A Walk in my Grandmother's Footsteps
By Bianca Rosen Siegel
Tampa, FL


I am only one, but I am still one. I cannot do everything, but still I can do something. And because I cannot do everything I will not refuse to do the something that I can do.

– Helen Keller


My grandmother, Bronislawa Rozencwajg, was born in 1922 in Lodz, Poland. She enjoyed a normal childhood. Her parents owned a store below their apartment building, which also had a courtyard to play in behind the building. This pleasant situation ceased when the Nazis took over in 1939 and turned her life upside down. Grandma and hundreds of thousands of others were forced to work slave labor for Hitler in the nearby monstrously sized factories. From there she was deported to Auschwitz where they marked her for immediate extermination. The Nazis did not even want to waste the ink for an identification tattoo on her arm.

Somehow, my grandmother survived the atrocities of Auschwitz, even though all of the rest of her family along with 1.6 million others did not (“The Nizkor Project”). Toward the end of the war she was transported to Birkenau on a death march where she was later liberated.

In April, her story came to life as I visited the Lodz ghetto during a recent trip to Poland. As I walked in my grandmother’s footsteps, I saw where she lived and where her life changed forever when the Nazis took over. I felt her presence through the walls of the concrete hallways of her house and the little store on the first floor that she spoke of in her stories. I walked into the factory where she worked for Hitler that has now been turned into a bright and cheerful mall, and I cried at the cemetery where she carried my great grandmother’s body to after she died of starvation and typhoid fever in the ghetto. When I was younger and she read her stories to me they all seemed incomprehensible and far fetched but now the reality of her life and her stories appeared clearly in front of me. During my time in Poland, as I continued to see the world through her eyes, I could not stop thinking, this must never happen again.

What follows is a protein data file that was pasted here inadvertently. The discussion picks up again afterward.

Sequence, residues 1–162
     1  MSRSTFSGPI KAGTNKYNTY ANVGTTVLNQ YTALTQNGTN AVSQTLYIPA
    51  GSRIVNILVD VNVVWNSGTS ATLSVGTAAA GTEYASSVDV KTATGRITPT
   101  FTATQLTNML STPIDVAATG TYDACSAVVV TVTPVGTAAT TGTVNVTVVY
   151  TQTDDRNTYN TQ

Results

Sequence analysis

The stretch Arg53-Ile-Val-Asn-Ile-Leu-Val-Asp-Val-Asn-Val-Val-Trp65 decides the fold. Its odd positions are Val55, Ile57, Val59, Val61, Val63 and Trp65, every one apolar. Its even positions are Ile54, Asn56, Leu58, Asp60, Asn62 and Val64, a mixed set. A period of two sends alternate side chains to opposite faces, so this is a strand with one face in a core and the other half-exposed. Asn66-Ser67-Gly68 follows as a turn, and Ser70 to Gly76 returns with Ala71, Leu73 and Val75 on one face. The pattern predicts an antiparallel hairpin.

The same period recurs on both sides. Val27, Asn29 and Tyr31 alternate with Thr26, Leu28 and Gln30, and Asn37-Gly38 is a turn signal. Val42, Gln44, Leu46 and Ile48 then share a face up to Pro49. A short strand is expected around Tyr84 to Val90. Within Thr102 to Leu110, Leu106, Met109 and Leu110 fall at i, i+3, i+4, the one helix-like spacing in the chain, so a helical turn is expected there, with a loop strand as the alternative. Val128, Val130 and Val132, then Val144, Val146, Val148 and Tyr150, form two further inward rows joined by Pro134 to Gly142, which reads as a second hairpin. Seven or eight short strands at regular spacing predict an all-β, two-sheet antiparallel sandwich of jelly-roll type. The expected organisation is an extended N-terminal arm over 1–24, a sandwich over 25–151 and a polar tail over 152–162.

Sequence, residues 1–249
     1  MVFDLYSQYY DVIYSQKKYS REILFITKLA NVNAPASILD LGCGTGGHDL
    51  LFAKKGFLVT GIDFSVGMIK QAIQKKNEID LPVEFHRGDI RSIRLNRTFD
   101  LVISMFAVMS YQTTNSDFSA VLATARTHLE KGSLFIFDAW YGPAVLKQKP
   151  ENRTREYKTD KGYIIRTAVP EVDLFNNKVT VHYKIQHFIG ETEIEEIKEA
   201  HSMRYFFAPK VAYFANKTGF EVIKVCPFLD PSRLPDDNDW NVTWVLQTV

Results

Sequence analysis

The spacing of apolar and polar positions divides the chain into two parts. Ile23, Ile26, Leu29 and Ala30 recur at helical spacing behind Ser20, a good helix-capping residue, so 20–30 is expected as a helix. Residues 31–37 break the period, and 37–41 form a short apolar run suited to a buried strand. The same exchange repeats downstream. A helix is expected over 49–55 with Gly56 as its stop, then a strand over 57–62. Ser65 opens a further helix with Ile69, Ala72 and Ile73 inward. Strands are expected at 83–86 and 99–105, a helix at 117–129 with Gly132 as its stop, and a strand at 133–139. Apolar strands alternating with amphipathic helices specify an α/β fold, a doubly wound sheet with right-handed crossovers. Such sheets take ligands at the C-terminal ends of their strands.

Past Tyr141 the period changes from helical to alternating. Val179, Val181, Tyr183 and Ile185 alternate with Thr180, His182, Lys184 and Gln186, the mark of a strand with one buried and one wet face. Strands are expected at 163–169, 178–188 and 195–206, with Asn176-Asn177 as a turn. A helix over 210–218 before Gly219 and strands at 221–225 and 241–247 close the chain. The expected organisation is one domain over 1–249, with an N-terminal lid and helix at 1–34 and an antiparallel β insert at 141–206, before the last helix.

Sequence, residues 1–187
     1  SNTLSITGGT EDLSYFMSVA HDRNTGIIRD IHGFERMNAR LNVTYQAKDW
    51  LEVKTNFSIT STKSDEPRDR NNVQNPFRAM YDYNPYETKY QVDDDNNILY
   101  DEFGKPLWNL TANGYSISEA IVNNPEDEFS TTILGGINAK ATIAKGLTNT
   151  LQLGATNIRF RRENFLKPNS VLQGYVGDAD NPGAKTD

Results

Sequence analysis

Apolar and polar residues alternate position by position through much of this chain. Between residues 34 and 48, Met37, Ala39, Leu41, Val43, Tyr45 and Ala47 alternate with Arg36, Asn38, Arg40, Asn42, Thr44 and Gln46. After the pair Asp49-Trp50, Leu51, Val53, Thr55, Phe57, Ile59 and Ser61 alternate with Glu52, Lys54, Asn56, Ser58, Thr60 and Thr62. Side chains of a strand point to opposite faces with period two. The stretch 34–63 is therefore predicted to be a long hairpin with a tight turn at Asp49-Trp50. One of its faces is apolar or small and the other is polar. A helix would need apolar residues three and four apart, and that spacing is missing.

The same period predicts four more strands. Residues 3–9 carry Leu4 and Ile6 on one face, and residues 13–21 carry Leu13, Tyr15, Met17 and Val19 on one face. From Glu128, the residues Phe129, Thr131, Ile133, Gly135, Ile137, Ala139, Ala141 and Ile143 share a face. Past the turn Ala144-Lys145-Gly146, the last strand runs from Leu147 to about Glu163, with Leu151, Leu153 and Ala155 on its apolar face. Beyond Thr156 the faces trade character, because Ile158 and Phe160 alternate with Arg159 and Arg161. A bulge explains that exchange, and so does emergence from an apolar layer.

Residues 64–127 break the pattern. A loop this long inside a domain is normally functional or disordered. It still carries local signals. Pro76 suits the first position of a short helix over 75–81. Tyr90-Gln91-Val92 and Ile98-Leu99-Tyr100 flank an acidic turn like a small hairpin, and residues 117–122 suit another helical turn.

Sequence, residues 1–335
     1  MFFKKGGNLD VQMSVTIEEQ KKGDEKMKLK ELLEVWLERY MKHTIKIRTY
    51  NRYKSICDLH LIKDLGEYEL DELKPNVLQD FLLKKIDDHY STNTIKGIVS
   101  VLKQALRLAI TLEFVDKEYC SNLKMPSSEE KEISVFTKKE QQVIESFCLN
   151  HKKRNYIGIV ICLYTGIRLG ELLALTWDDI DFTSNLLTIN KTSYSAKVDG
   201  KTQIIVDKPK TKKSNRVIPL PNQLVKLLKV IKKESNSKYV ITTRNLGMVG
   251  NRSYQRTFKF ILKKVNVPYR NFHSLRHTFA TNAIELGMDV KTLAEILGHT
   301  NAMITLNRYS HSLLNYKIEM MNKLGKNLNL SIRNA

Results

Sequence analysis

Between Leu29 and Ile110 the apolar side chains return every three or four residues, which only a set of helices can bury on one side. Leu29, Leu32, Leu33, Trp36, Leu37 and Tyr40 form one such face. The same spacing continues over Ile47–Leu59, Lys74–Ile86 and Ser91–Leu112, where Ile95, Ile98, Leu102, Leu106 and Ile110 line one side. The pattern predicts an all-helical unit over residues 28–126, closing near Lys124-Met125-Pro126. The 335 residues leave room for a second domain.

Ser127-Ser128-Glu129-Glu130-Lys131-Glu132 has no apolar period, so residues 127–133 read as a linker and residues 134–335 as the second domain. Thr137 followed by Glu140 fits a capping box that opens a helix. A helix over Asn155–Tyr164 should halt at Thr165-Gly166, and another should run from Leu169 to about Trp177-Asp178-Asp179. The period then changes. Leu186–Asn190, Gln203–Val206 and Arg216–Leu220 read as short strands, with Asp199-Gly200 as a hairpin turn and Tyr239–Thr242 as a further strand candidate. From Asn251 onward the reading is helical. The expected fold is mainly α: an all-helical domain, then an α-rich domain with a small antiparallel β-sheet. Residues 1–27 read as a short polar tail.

Unfortunately, today my fellow man is again committing unspeakable crimes against humanity. In Darfur, Sudan over 450,000 innocent people have been brutally murdered and more than two million people have been displaced for no logical reason ("Darfur Action Campaign"). These horrors have persisted since 2003 and the world continues to turn a blind eye. Sixty two years ago the world closed their eyes while 11 million innocent people were exterminated due to prejudices and discrimination. I refuse to stand idly by and watch this genocide continue. It is my responsibility not only as a third generation Holocaust survivor, but as a human being, to stand up for those in Darfur who have become victim to exactly what my family became victim to during the Holocaust; prejudice, hate, and discrimination.

Last year on Holocaust Remembrance Day, I spearheaded an effort to raise the awareness level of the teens in our area regarding the Darfur genocide. Through statistics about Darfur, photos from the affected region, and discussion about what we as teens could do to help stop this genocide, I helped raise the teen’s consciousness regarding this tragic event. Additionally, we discussed how we as students could lead the way within our schools to spread the word by doing something as simple as wearing a save Darfur wristband, a save Darfur t-shirt, and writing a postcard to President Bush expressing our concern regarding the Darfur genocide and requesting his immediate action.